Hungarian Rhapsody (1979) marked Jancsó's return to his native land, but not to his earlier form. But, in the same year, he won a lifetime achievement award at Cannes. At the end of The Tyrant's Heart (1981), the set of the castle in which strange cavortings take place is raised to reveal horsemen riding over the Hungarian plain, reminding us of Jancsó's better days. Nevertheless, his oeuvre continued to influence a new generation of directors, particularly Béla Tarr.

Although lacking real impact, his career during this period was diverse, covering historical feature films, a documentary of a Hungarian rock group, a Faustian television series and much work in the theatre. With the fall of communism in 1989, Jancsó, still retaining his socialist beliefs, became a sceptical observer of post-communist society with Blue Danube Waltz (1992), a characteristically bleak look at Hungary's emerging political scene.

The Lord's Lantern in Budapest (1999) is a blackly humorous look at the post-1989 culture of violence, which begins with the line "If I were an animal, I wouldn't keep a man as a pet." The cryptic film also continued on from his previous work by employing two significant and long-standing collaborators, the novelist Gyula Hernádi, who wrote most of his screenplays, and Ferenc Grunwalsky as director of photography. Jancsó, in a small role, is dismissed as being a "has-been" by a pair of Shakespearean gravediggers, Kapa and Pepe. Dressed in pure white throughout the film, in which his death is depicted twice, Jancsó was bidding a premature farewell to the cinema, but also to death. This led to a few more locally popular Kapa and Pepe low-budget black comedies such as Last Supper at the Arabian Grey Horse (2001) and Wake Up, Mate, Don't You Sleep (2002).

Jancsó is survived by his third wife, Zsuzsa Csákány, and four children.

• Miklós Jancsó, film director, born 27 September 1921; died 31 January 2014

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Greeks Scream for Other People’s Pain

Recently we saw the amazing and shocking advertisements for Doctors without Borders, where the famous Spanish actor Javier Bardem was screaming for other people’s pain. Now a new ad has been released and all of Greece appears to be screaming. The new Doctors without Borders campaign chose ordinary, everyday people from all over the country to star in the new advertisement. They all scream together, because one cry cannot attract attention but all together maybe they can make a difference. In this new video created by Doctors Without Borders, everyday people join their voices to contribute in treating millions of patients not only in Greece, but also throughout the world.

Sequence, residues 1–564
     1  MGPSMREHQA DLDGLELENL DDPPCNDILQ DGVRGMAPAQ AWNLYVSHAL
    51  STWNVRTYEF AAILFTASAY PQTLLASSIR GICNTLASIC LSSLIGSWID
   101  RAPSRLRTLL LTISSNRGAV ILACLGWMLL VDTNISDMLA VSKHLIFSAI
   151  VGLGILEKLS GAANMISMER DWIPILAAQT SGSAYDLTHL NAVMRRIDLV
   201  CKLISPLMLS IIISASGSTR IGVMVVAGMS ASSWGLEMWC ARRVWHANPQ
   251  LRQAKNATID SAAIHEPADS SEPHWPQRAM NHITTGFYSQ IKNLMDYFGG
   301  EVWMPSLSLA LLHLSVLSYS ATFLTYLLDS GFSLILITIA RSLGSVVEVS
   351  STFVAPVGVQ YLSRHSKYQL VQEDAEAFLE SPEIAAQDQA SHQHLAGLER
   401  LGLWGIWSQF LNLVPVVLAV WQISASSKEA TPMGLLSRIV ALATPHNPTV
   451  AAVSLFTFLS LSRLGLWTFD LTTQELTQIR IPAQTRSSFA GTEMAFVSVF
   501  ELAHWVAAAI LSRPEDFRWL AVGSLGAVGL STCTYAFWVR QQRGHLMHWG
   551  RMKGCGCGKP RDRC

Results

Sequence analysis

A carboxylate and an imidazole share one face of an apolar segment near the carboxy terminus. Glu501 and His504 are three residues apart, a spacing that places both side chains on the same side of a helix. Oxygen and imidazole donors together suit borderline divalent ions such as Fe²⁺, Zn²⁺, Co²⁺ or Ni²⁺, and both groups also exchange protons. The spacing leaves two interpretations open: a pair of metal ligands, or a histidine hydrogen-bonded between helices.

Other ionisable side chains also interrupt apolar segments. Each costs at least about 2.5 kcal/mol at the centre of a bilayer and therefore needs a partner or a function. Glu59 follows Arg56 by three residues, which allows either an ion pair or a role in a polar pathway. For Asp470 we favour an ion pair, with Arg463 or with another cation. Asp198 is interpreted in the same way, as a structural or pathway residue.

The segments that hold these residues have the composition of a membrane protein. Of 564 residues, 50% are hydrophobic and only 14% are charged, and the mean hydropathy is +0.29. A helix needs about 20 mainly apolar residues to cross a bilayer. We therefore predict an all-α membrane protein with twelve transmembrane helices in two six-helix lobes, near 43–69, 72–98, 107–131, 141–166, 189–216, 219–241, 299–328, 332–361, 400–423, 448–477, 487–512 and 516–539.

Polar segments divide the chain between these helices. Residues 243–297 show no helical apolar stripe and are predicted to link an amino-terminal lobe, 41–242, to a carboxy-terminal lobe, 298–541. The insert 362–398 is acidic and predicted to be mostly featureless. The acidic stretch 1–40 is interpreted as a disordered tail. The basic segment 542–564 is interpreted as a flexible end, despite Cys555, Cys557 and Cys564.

Public Sector Employee Permanency Needs to be Discussed

The Greek Minister of Administrative Reform and e-Governance, Kyriakos Mitsotakis responded to questions about whether Greece will be able to fulfill its commitments to the Troika, concerning the number of public sector employee suspensions and lay-offs. “We will fulfill every goal that we have set. I don’t believe there will be any major deviation from our original plan. This will allow us to change the course of the debate concerning administrative reform issues,” stressed the Minister. Furthermore, “As I have said many times in the past, administrative reform does not only concern suspensions and lay-offs. It is about simplifying procedures and facilitating citizens. Overall, it concerns the best function of the state in correlation with the best utilization of state human resources.” The Minister also referred to the issue of public sector employee permanency. “Civil servant permanency exists in many countries. According to the constitution no employee can be dismissed just because he or she is not performing well. They can only be dismissed for disciplinary issues or if their job no longer exists due to organizational restructuring,” he said. He concluded by saying that public sector employee permanency needs to be discussed during the next constitutional revision.


Renovated Athens Eye Clinic Inaugurated

The renovated building housing the Athens Eye Clinic was inaugurated on Friday by the Greek minister of health Adonis Georgiadis. The building, which is located on the corner of Panepistimiou and Sina Streets in the center of Athens, Greece, was heavily damaged by the 1999 magnitude six earthquake, and has been undergoing restoration for the past 14 years. “I think that everyone looking at this building realizes that here we have something important. In a country where everyone is used to blaming the National Health System and constantly talking about its failures, we realize that here we have a success story,” said the minister. Georgiadis pointed out that the new organizational structure for the Greek ophthalmology center will provide patients with some of the best eye care to be found anywhere in Europe. The center caters for around 200 patients a day. The building of the Athens Eye Clinic was constructed in 1948 and was designed by Danish architect Hans Christian Hansen. Later, the architect Lyssandros Kaftatzoglou carried out some revisions, such as the entrance of the building which was previously covered by a two-column arcade. The building, which is a rare example of the Romantic Byzantine style, has been declared a “work of art” by ministerial decree. With its unique architecture, wonderful roof paintings and museum-like interior, the clinic is considered one of the most significant architectural gems of Greece, one of a trio in this part of the city center, along with the National Library and the Athens University and Academy of Athens.